Greek Textus Receptus


    δοκω
    1380 5719 V-PAI-1S-C γαρ 1063 CONJ οτι 3754 CONJ ο 3588 T-NSM θεος 2316 N-NSM ημας 2248 P-1AP τους 3588 T-APM αποστολους 652 N-APM εσχατους 2078 A-APM απεδειξεν 584 5656 V-AAI-3S ως 5613 ADV επιθανατιους 1935 A-APM οτι 3754 CONJ θεατρον 2302 N-NSN εγενηθημεν 1096 5675 V-AOI-1P τω 3588 T-DSM κοσμω 2889 N-DSM και 2532 CONJ αγγελοις 32 N-DPM και 2532 CONJ ανθρωποις 444 N-DPM

    Vincent's NT Word Studies

    9. For. Introducing a contrast between the inflated self-satisfaction of the Corinthians and the actual condition of their
    teachers. You have come to reign, but the case is very different with us, for I think, etc.

    Hath set forth (apedeixen). Only twice in Paul's writings; here, and 2 Thessalonians ii. 4. See on approved, Acts ii. 22. In classical Greek used of publishing a law; shewing forth, and therefore naming or creating a king or military leader; bringing forward testimony; displaying treasure, etc. So here, exhibiting.

    Last (escatouv). As in Mark ix. 35, of relative rank and condition: as having in men's eyes the basest lot of all.

    Appointed to death (epiqanatiouv). Rev., doomed. Only here in the New Testament. Probably an allusion to the practice of exposing condemned criminals in the amphitheatre to fight with beasts or with one another as gladiators. The gladiators, on entering the arena, saluted the presiding officer with the words Nos morituri salutamus, We who are to die greet you. Tertullian paraphrases this passage, God hath chosen us apostles last as beast-fighters. "The vast range of an amphitheatre under the open sky, well represents the magnificent vision of all created things, from men up to angels, gazing on the dreadful death-struggle; and then the contrast of the selfish Corinthians sitting by unconcerned and unmoved by the awful spectacle" (Stanley). For a similar image of spectators watching the contest in the arena, see Heb. xii. 1. Compare also 1 Corinthians xv. 32.

    Spectacle (qeatron). Primarily, a theatre; then that which is exhibited. Compare the kindred verb qeatrizomenoi being made a gazing-stock, Heb. x. 33.

    Unto the world (tw kosmw). The universe, a sense not usual with Paul; compare ch. viii. 4. The words to angels and to men define world; so that the rendering of the American Rev. is preferable, both to angels and men. Principal Edwards remarks: "This comprehensive use of the word kosmos is remarkable, because, on the one hand, it is an advance on the Old-Testament conception of two separate spheres of existence, heaven and earth, not comprehended under any wider designation; and, on the other, because it differs from the meaning attached to the word among the Greeks; inasmuch as the apostle uses it of the spiritual as well as the physical totality of existence." The spiritual oneness of the universe is a conception eminently characteristic of St. Paul; but it is foreshadowed by Plato. "Communion and friendship and orderliness and temperance and justice bind together heaven and earth and gods and men; and this universe is therefore called kosmos or order; not disorder or misrule" ("Gorgias," 508).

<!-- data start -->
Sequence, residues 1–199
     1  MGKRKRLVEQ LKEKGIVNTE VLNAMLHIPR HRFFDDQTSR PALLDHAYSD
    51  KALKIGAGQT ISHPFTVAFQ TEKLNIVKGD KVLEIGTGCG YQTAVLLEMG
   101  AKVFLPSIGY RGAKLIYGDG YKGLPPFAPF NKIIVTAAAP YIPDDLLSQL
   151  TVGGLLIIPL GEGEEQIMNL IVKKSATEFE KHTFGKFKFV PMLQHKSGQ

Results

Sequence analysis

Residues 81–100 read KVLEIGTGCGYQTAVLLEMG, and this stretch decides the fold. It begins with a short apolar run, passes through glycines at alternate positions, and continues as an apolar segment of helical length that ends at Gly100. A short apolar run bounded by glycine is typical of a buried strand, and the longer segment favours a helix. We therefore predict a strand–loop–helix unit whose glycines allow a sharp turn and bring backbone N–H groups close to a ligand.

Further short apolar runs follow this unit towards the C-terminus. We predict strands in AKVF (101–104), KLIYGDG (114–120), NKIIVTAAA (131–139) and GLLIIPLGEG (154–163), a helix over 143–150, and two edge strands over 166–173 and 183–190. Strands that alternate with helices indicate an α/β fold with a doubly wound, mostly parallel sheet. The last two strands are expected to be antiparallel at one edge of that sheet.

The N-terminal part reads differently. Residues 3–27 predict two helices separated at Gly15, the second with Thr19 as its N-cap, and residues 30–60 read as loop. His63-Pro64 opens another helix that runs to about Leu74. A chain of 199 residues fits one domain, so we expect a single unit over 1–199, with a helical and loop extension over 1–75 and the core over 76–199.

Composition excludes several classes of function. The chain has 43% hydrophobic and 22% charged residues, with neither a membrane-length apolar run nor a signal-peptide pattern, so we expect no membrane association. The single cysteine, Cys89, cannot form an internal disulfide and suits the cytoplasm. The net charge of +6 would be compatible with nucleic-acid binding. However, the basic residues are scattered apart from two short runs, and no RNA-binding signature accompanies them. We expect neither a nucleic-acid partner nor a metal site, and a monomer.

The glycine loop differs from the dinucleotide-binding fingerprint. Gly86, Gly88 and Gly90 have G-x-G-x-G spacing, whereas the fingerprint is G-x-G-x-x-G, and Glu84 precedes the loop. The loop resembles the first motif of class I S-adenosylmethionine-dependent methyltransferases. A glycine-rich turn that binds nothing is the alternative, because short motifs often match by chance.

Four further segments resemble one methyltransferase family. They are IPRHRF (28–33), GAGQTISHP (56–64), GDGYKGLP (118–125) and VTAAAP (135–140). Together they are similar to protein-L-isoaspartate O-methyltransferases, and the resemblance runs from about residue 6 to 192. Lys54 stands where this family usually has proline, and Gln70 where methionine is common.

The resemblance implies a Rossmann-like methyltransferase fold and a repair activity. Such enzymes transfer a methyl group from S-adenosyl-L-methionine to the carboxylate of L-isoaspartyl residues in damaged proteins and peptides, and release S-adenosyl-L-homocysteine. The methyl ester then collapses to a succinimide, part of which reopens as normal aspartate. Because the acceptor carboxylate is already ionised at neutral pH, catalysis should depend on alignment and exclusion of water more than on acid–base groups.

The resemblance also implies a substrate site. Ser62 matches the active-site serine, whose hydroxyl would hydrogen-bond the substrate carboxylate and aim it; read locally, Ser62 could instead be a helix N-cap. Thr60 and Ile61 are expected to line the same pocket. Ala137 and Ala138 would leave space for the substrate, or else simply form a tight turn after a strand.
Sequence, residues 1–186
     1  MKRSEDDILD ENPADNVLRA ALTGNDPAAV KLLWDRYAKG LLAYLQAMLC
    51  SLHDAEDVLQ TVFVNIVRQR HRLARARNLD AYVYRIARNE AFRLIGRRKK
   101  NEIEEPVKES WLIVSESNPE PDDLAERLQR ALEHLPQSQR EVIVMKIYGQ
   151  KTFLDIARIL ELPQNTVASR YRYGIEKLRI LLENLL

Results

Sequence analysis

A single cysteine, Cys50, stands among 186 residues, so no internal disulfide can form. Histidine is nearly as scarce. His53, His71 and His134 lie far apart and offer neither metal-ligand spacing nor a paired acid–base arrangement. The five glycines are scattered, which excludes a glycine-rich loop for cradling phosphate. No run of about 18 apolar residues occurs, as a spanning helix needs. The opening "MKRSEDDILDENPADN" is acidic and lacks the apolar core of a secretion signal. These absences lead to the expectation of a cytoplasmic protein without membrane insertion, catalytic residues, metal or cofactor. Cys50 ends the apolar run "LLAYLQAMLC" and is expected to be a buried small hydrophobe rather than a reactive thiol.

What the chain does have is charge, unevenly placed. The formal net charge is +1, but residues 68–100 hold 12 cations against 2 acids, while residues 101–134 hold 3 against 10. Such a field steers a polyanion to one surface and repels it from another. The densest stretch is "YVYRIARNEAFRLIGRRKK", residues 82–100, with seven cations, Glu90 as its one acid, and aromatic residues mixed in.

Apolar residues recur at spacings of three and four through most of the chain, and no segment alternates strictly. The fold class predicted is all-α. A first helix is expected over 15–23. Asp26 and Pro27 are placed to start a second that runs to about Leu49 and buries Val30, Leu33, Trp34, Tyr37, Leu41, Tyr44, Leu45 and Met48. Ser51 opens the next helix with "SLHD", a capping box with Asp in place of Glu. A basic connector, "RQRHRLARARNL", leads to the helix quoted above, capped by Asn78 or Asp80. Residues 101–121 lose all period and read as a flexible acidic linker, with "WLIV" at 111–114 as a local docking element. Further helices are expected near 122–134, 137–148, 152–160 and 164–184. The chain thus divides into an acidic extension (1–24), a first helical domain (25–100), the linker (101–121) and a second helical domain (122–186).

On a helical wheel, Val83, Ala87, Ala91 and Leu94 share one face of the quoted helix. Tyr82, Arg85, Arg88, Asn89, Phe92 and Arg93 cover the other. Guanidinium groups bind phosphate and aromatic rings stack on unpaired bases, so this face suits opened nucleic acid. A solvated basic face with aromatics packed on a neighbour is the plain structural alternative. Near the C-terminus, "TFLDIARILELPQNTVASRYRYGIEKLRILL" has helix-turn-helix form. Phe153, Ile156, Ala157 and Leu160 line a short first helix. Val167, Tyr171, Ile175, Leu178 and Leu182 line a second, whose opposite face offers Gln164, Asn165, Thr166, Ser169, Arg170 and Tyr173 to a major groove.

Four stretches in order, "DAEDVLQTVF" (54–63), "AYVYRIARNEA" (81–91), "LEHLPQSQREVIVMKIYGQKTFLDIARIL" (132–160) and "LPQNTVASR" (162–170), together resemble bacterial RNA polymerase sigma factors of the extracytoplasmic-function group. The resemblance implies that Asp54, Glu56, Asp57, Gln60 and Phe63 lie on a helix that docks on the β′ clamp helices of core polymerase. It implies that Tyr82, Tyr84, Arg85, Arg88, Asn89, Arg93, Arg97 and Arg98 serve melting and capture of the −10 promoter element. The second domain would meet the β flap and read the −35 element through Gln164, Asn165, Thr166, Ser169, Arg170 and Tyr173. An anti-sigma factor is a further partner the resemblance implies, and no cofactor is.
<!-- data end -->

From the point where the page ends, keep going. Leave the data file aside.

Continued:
Robertson's NT Word Studies

    4:9 {Hath set forth us the apostles last} (hemas tous apostolous escatous apedeixen). The first aorist active indicative of apodeiknumi, old verb to show, to expose to view or exhibit (Herodotus), in technical sense (cf. #2Th 2:4) for gladiatorial show as in eqeriomacesa (#1Co 15:32). In this grand pageant Paul and other apostles come last (escatous, predicate accusative after apedeixen) as a grand finale. {As men doomed to die} (hws epiqanatious). Late word, here alone in N.T. The LXX (Bel and the Dragon 31) has it for those thrown daily to the lions. Dionysius of Halicarnassus (_A.R_. vii. 35) uses it of those thrown from the Tarpeian Rock. The gladiators would say _morituri salutamus_. All this in violent contrast to the kingly Messianic pretensions of the Corinthians. {A spectacle} (qeatron). Cf. #Heb 11:33-40. The word, like our theatre, means the place of the show (#Ac 19:29,31). qen, it means the spectacle shown there (qeama or qea), and, as here, the man exhibited as the show like the verb qeatrizomenoi, made a spectacle (#Heb 10:33). Sometimes it refers to the spectators (qeatai) like our "house" for the audience. Here the spectators include "the world, both to angels and menw (twi kosmwi kai aggelois kai anqrwpois), dative case of personal interest.


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    VERSES: 1, 2, 3, 4, 5, 6, 7, 8, 9, 10, 11, 12, 13, 14, 15, 16, 17, 18, 19, 20, 21